Bakeapples and partridgeberries are native to Newfoundland & Labrador and feature prominently in traditional foodways.
Known as cloudberries in Scandinavia, bakeapples are thought to have been named in a moment of linguistic confusion when an early French explorer asked “B’en qu’appelle?” or “What is this berry called?”
Celebrated and preserved as jams, spreads, sauces and teas, these wild berries are pantry mainstays on Water Street in downtown St. John’s.
Local jams and spreads are on offer at Rocket Bakery & Fresh Food where you will also find freshly baked bread.
Sauces and teas can be found across the street at the Downhome Shoppe & Gallery.
For those with an interest in regional cooking and a love for community cookbooks, The Heritage Shop (conveniently located next to the Downhome Shoppe & Gallery) has a wide selection of Newfoundland & Labrador classics. The Treasury of Newfoundland Dishes devotes many of its pages to recipes highlighting Newfoundland berries. Partridgeberries are especially celebrated in this collection. Out of print for nearly thirty years, this community cookbook was recently reprinted for its 50th anniversary by Boulder Publications.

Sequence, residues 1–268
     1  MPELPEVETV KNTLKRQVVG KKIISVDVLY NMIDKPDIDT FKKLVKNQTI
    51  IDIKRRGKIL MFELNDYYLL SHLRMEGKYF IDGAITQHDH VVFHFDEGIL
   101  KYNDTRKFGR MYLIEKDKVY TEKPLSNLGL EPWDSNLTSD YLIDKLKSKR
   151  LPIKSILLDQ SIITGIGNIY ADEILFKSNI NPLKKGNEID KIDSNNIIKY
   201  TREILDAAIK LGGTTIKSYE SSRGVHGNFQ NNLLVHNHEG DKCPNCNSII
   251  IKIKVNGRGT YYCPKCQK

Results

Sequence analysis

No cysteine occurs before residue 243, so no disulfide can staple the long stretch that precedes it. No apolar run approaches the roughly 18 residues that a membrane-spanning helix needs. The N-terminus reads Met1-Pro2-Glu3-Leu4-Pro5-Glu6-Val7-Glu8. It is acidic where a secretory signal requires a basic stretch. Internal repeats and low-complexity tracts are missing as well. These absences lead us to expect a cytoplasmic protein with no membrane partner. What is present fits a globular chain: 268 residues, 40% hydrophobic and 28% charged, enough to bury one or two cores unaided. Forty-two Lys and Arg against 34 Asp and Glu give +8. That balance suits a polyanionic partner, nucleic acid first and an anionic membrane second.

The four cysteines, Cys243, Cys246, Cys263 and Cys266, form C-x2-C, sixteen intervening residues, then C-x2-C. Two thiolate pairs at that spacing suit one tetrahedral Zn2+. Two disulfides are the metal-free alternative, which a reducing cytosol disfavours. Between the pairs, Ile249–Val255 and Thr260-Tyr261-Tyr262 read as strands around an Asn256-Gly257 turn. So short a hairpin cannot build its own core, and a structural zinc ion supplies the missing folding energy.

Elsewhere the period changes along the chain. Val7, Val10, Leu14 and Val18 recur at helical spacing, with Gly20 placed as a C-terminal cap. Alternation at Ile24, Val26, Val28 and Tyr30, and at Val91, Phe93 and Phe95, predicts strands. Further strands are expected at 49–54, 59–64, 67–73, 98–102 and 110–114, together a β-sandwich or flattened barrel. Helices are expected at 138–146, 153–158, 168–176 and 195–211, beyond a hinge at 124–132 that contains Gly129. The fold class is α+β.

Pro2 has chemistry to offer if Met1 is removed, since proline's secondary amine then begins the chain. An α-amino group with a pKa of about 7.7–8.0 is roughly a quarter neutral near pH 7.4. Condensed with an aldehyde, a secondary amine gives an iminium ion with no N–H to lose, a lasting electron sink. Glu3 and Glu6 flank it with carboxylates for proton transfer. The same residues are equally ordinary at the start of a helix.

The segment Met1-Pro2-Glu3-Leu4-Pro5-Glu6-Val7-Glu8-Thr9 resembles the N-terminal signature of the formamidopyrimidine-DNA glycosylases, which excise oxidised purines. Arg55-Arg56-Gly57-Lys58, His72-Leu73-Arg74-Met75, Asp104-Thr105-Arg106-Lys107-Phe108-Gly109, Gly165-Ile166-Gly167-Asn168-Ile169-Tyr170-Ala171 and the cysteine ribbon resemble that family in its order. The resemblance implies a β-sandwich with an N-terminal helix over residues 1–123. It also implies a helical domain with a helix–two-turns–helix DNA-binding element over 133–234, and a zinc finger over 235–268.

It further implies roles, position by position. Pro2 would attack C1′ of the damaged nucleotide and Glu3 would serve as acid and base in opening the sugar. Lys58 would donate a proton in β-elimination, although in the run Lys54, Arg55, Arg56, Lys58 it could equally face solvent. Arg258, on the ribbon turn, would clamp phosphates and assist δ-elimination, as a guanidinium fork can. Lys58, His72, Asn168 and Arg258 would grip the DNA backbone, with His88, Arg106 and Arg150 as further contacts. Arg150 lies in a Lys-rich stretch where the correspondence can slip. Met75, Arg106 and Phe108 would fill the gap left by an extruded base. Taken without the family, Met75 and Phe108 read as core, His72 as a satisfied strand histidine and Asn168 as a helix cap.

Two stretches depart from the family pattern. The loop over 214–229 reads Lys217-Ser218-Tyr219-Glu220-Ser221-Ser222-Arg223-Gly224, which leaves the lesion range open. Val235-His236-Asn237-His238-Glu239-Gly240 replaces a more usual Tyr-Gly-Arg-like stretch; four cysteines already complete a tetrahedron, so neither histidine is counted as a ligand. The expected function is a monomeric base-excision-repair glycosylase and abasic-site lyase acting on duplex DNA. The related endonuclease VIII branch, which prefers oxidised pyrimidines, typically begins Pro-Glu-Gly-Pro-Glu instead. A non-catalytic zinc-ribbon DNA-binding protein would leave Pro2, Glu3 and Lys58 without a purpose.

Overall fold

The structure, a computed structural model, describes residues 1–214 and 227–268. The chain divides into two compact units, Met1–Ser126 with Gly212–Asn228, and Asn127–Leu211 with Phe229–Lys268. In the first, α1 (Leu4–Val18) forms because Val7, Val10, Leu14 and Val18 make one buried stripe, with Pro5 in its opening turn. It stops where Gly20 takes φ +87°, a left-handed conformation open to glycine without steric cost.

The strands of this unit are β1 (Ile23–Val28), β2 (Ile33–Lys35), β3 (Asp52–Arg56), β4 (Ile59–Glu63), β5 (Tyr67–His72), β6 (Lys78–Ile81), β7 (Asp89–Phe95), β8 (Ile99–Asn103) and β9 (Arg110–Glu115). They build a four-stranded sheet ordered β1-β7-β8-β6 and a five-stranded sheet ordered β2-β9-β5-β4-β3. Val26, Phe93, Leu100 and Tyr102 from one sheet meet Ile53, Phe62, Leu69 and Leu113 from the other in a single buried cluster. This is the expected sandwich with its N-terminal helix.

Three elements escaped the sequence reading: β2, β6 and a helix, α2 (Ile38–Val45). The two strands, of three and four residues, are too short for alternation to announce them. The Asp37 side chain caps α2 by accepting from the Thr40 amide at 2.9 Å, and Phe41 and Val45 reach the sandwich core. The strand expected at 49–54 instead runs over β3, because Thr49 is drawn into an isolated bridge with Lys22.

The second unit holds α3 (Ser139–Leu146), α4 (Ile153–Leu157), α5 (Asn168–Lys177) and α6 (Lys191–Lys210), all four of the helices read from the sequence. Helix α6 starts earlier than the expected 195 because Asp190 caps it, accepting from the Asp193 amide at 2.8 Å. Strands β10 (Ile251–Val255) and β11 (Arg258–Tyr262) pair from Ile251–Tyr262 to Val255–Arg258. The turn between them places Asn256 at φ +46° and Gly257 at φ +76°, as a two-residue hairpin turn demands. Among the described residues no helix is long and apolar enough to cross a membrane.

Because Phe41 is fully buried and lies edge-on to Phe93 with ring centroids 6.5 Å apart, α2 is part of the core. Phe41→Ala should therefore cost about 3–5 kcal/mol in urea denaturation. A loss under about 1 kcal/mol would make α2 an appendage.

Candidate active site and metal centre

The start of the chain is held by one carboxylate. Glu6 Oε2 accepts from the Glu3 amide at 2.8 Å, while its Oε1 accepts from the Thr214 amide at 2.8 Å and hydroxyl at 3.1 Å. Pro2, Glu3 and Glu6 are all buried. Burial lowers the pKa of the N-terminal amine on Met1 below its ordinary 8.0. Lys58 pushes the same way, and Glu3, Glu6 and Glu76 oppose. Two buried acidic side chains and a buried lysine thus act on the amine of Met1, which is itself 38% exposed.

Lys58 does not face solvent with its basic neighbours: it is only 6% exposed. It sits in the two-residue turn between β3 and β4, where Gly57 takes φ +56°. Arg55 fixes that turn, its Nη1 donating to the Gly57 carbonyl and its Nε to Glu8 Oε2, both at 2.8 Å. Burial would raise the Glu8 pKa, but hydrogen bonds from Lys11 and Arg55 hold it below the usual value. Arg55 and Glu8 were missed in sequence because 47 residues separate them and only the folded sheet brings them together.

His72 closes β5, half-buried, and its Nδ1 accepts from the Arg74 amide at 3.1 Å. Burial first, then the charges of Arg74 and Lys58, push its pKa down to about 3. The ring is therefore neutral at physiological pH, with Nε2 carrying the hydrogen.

Like many Canadian cookbooks published in the early 1900s and into the 1950s, 60s and 70s (Cooke, 2009), The Treasury is associated with a baking company and its featured homemaker. Cream of the West Flour (once produced by the Maple Leaf Milling Company) created the cookbook in collaboration with the Newfoundland Home Economics Association. Women across the province submitted recipes and the best of these were tested and selected for publication by members of the Home Economics Association and Sally West – the face of Cream of the West Flour.
What could be better on a Sunday afternoon than enjoying a cup of Newfoundland tea and reading well loved family recipes from down home.